While reference is made in Labour’s Covenant to reshoring certain manufacturing operations, little is said about raw materials. As a relatively small island, the UK will always need to import certain primary goods, even if it can boost domestic production of others. Sparkling new factories might suddenly be rendered useless in the event of a war which disrupts the shipment of one essential chemical. This, in turn, forces us to confront the realities of modern trade and production. The trade and development expert Matthew Bishop has described the dazzling complexity of today’s global production networks and value chains, in which the manufacture of a single product can involve inputs from multiple suppliers scattered across many countries.[iii] Achieving genuine security in a particular product might mean reshoring a lot more than we first imagine, or than is ultimately feasible. 

None of this is to write-off the proposal set out in the Covenant, but rather to take it seriously and work through some of its implications. Two key ‘inputs’ (probably the two most important) are worth special consideration: food and energy. As Edgerton explains, the Attlee government set out to enhance the nation’s ability to feed itself and, gradually, major progress was made along this path. For foods that could be grown in the UK, British farmers could supply just 61 per cent of demand in 1956; by 1984 this had risen to 95 per. Around the turn of the century this had fallen back to 80 per cent.[iv] Debates about the nation’s food supply have resurfaced in the wake of Brexit, with the recently agreed bilateral trade deal with Australia raising concerns about the ability of UK beef and lamb producers to compete.[v] A future Labour government could introduce policies to encourage and expand British agriculture, but this would have to be balanced carefully against other objectives, such as environmental targets (e.g. bringing more land back into agricultural use might undermine conservation efforts).

As for energy, the appeal of greater self-sufficiency is obvious, given recent hikes in oil and gas prices and worsening relations between Russia and the West. The days of the UK exporting energy from its oil and coal reserves are over, and attention has rightly turned to renewables. Britain has excellent potential for wind energy, already generating enough from offshore turbines to power around 7 million homes, with a government target to generate enough energy to power every home in the UK by 2030. In 2019, a sector deal was agreed between industry and government which, among other things, aims to ensure that 60 per cent of components in every windfarm are manufactured in the UK.[vi] This would seem to be a step in the right direction, towards both greater energy security and addressing the criticism, made in Labour’s Covenant, that the UK has been ‘outsourcing the externalities of production’ (many wind turbine components are currently sourced from Asia, where they are often produced using carbon-intensive methods).[vii]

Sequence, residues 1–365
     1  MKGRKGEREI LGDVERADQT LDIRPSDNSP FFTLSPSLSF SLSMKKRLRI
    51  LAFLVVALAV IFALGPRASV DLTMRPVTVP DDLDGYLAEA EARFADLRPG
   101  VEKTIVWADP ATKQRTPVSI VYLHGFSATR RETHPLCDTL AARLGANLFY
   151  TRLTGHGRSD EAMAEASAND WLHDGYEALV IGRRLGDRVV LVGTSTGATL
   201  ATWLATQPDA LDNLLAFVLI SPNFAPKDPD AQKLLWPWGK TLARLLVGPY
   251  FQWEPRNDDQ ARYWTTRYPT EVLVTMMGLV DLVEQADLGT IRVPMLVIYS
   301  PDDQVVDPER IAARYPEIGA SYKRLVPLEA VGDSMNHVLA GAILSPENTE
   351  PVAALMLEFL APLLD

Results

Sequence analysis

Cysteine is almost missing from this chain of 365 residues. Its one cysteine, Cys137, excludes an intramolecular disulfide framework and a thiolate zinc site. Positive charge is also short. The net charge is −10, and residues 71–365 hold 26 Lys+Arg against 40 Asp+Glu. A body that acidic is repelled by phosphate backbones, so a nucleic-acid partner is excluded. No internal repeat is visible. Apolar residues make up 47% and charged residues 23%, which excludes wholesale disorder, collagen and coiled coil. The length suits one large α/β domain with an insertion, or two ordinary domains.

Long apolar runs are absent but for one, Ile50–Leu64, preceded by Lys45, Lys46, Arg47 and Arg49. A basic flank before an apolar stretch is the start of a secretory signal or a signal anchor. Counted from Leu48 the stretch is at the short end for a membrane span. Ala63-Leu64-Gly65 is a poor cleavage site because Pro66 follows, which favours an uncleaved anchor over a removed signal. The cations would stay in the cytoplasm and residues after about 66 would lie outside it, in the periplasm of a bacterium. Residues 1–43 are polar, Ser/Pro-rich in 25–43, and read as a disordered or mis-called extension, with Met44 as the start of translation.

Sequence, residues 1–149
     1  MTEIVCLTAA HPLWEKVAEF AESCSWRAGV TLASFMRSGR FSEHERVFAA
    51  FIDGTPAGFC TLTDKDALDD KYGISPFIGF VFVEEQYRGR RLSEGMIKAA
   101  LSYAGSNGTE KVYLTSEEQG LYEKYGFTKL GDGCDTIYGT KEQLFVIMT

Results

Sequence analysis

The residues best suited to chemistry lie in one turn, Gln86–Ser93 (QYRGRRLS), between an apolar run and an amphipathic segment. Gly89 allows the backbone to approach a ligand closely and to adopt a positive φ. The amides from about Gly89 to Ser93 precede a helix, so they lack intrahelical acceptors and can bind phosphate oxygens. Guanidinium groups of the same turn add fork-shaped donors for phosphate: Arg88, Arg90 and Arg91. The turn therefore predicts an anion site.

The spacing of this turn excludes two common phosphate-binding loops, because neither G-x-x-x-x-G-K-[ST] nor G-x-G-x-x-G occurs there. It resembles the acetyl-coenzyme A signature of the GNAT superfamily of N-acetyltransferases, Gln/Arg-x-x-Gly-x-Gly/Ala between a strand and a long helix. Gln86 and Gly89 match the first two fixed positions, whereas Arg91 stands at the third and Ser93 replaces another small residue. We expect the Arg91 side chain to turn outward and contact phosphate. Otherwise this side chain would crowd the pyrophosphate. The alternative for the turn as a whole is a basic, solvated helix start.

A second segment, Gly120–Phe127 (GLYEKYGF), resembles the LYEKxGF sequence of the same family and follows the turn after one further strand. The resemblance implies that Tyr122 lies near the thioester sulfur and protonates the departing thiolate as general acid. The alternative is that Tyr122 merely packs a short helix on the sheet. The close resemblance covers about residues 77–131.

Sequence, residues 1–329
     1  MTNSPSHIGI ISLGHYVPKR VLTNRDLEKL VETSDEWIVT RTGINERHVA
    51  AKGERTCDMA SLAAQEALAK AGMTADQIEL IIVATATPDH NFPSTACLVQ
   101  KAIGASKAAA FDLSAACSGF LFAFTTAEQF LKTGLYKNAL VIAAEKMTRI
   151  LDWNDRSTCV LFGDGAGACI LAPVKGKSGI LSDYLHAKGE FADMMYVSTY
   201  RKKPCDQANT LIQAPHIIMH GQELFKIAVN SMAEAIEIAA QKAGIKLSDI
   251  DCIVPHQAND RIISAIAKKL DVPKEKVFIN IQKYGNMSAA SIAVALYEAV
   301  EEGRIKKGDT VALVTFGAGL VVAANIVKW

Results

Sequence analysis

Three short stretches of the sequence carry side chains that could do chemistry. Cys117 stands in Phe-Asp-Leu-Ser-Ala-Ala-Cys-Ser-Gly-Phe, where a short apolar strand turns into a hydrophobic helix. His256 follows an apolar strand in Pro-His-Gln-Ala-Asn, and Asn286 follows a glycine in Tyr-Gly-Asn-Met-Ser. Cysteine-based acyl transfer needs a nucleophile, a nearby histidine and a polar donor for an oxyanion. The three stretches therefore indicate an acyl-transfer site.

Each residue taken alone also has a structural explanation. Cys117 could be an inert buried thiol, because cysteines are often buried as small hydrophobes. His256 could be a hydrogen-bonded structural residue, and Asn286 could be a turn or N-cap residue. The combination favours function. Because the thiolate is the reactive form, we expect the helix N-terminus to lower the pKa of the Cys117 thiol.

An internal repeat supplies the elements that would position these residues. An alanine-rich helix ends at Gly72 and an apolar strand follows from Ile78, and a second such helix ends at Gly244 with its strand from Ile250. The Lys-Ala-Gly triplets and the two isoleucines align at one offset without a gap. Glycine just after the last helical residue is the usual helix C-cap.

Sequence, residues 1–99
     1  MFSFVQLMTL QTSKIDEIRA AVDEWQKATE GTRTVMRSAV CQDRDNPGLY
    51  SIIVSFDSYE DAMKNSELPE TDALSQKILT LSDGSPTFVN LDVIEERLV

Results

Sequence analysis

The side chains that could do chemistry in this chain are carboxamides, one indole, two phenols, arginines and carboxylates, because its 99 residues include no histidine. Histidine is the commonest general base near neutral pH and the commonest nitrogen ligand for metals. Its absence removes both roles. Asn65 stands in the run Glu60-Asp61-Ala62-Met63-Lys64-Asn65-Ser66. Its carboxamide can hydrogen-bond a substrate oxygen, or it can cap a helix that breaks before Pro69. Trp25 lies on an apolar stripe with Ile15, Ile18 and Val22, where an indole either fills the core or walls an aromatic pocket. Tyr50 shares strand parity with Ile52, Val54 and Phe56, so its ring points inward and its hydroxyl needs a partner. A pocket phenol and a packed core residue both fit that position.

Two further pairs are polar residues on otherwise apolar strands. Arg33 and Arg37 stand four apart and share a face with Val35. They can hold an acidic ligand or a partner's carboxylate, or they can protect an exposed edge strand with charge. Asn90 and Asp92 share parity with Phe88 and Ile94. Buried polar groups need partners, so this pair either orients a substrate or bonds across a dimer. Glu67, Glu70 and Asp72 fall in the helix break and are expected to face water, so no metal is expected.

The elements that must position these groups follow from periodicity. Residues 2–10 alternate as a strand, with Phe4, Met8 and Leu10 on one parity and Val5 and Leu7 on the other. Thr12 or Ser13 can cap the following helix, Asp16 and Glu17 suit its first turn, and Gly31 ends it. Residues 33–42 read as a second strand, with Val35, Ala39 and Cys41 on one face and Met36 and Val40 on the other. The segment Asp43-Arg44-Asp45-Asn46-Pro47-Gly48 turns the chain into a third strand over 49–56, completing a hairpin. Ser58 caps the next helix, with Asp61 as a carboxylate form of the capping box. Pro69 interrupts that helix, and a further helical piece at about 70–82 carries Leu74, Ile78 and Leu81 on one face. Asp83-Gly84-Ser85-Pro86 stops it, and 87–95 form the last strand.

But despite the potential for wind power in the UK, and even for expanding the domestic manufacture of the necessary equipment and infrastructure, the UK cannot run on fresh air alone; other sources of energy will continue to be essential. To touch briefly on one of these, nuclear is set to remain part of the UK’s energy mix in the decades ahead, with Hinkley Point C due to come online in 2026; it should eventually generate 7 per cent of the UK’s electricity.[viii] Given China’s involvement, this project would seem to epitomise the ‘overreliance on foreign investment in critical infrastructure’ decried in the Covenant, but the withering of Britain’s domestic nuclear capacity is a decades-old story (detailed by Edgerton), and the prospects for national rejuvenation are limited by tremendous costs and the chastening effect of past mistakes (see the troubled history of the Advanced Gas-cooled Reactor).[ix]

The issue of cost rears its head at almost every turn when considering this issue. Today, the cause of free trade has become associated with the right, but, as Edgerton emphasises, this was not always the case.[x] In the early decades of the twentieth century, the Labour Party was a proud champion of free trade, arguing that it helped keep prices (particularly food prices) low for workers and kept capitalist producers in check. With the cost of living now at its highest level in 30 years, Labour will have to be careful that any benefits of reshoring are not offset by rising prices for ordinary consumers.[xi] The more extensive the programme of reshoring and national self-sufficiency, the more likely it is that costs will rise, and living standards will be hit—something which could have serious political ramifications.